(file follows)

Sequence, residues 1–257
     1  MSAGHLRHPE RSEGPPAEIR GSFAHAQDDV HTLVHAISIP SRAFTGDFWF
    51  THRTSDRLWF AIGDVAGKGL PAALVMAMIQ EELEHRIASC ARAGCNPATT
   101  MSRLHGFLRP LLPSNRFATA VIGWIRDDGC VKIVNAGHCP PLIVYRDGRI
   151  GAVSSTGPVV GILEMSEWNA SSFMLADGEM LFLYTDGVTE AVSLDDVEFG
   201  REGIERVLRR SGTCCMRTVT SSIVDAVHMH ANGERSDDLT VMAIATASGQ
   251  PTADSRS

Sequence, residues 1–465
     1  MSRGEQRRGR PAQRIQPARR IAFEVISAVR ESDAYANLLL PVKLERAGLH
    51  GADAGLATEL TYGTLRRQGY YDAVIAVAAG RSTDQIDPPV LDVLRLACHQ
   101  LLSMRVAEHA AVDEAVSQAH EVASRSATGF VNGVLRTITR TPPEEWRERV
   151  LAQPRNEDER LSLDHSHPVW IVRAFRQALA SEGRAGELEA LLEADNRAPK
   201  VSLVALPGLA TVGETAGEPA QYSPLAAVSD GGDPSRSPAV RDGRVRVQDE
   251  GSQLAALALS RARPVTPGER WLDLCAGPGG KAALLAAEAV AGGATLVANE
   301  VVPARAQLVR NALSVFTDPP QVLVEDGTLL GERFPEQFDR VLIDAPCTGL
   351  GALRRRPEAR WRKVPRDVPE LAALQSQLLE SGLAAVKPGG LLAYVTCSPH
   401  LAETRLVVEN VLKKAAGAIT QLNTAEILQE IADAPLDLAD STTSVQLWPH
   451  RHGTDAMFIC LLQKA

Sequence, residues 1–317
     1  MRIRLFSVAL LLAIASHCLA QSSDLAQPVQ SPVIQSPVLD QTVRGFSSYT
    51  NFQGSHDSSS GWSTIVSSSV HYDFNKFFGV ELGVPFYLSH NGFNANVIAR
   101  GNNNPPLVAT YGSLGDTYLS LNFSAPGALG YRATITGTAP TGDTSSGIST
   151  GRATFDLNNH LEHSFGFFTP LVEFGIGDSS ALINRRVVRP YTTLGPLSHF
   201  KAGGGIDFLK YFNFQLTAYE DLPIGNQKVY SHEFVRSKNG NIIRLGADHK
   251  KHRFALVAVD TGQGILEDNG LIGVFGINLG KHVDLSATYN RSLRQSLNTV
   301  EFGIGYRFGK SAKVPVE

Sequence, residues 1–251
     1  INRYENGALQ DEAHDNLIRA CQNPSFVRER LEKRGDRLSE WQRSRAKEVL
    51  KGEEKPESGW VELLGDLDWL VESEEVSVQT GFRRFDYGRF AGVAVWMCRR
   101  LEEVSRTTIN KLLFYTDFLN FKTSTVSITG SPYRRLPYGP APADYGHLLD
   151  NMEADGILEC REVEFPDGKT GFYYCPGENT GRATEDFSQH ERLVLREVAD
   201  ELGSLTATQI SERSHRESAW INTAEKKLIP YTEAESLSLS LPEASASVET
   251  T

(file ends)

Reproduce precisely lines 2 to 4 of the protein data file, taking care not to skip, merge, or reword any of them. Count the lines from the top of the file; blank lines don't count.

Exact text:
     1  MSAGHLRHPE RSEGPPAEIR GSFAHAQDDV HTLVHAISIP SRAFTGDFWF
    51  THRTSDRLWF AIGDVAGKGL PAALVMAMIQ EELEHRIASC ARAGCNPATT
   101  MSRLHGFLRP LLPSNRFATA VIGWIRDDGC VKIVNAGHCP PLIVYRDGRI